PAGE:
Those waiting for new homes in the beleaguered real estate sector can look forward to some good tidings, thanks to government intervention.
Within about a year and a few months since it was tasked with funding stuck projects across the country, SBICAP Ventures, the manager for the government's Rs 25,000-crore stressed-asset fund, will be delivering about 17 housing projects consisting of more than 6,000 homes by the end of the financial year 2022, Irfan A. Kazi, Chief Investment Officer at SBICAP Ventures Ltd, told Moneycontrol.
Two projects, 710 units in Mumbai and 600 units in Rewadi, will be delivered by April 2021 itself, he said.
The fund, set up under the Special Window for Affordable and Mid Income Housing (SWAMIH) by the government, is looking to complete 17 projects by March 2022.
“We are looking at getting 17 projects completed in the next one year. Projects are completed in phases and in this case, we are talking about only the first phase of any project getting delivered. About 6,000 plus homes will be handed over by the end of March 2022,” Kazi said.
He did not share details of how much funding has gone into the completion of the projects. “We provide enough funding for completions,” he merely added.
The fund has so far given approvals to around 164 projects involving an investment of more than Rs 15,000 crore, which will help complete around 1,00,000 homes. Of this, 55 housing projects have received final approvals and about 109 have got preliminary sanctions.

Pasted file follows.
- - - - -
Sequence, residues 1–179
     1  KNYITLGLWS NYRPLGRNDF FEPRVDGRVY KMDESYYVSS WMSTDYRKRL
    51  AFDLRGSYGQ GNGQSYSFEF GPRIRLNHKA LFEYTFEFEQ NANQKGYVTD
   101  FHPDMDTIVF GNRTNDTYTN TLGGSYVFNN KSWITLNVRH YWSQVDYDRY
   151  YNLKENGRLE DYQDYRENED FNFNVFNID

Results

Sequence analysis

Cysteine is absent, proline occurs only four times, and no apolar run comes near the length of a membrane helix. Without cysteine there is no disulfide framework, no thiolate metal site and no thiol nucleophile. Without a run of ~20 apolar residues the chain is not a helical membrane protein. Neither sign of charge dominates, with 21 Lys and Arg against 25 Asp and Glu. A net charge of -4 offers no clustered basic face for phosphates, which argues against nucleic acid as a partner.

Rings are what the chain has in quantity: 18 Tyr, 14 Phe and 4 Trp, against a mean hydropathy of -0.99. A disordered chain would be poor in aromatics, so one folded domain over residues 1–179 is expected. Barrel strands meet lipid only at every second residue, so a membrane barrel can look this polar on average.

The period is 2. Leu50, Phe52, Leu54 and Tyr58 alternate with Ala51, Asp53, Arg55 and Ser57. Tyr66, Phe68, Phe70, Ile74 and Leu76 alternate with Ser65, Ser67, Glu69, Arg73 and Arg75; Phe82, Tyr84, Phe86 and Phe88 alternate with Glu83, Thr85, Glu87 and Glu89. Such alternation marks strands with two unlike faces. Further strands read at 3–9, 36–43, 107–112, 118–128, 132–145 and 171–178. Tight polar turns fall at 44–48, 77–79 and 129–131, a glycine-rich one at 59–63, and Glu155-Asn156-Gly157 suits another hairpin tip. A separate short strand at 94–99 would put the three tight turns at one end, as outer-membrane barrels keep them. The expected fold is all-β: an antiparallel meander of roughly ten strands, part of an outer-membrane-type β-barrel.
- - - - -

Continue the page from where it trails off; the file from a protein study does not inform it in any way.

“A total of 164 projects have received some approvals,” he said.
As for the challenges, Kazi said that the first charge issue remains a roadblock. Lenders are not willing to give up the first charge.
“We are fine with taking charge, subject to a sovereign authority imposition, but the first charge issue still remains a challenge and yet we have achieved significant progress on that front. But we are also doing many deals where some lenders have agreed to cease charge or where there are no lenders. In a few deals, the lender is an Alternative Investment Fund, where there is no issue of a first and second charge,” he said.
The Fund sees the COVID-19 pandemic as another reason why developers will approach them. “Once the moratorium ends there will be more housing projects getting classified, according to their health status. More lenders and developers are likely to come forward to seek last-mile funding. We are a distress fund and if there is distress in the environment, there will be a greater number of deals,” the Fund’s Chief Investment Officer reasoned.
SWAMIH has received many applications from real estate developers during the COVID-19 crisis after it decided to cut the internal rate of return (IRR) to 12 percent from 15 percent last year.
In November 2019, the central government announced a Rs 25,000-crore SWAMIH Investment Fund to help complete over 1,500 stalled housing projects, including those that have been declared non-performing assets (NPAs) or had been admitted for insolvency proceedings. The move is likely to help 4.58 lakh housing units across the country. Only RERA-registered projects with a positive net worth will be provided funds.
There are a total of 5.02 lakh units that are presently stuck or delayed, as of the end of 2020, across the top seven cities. Their total value is estimated at over Rs 4.07 lakh crore, an analysis by Anarock has said, adding that National Capital Region (NCR) and the Mumbai Metropolitan Region (MMR) together account for a 74 percent 'majority share' of currently stuck/delayed units, while the southern metros of Bengaluru, Chennai and Hyderabad add up to a small 8 percent.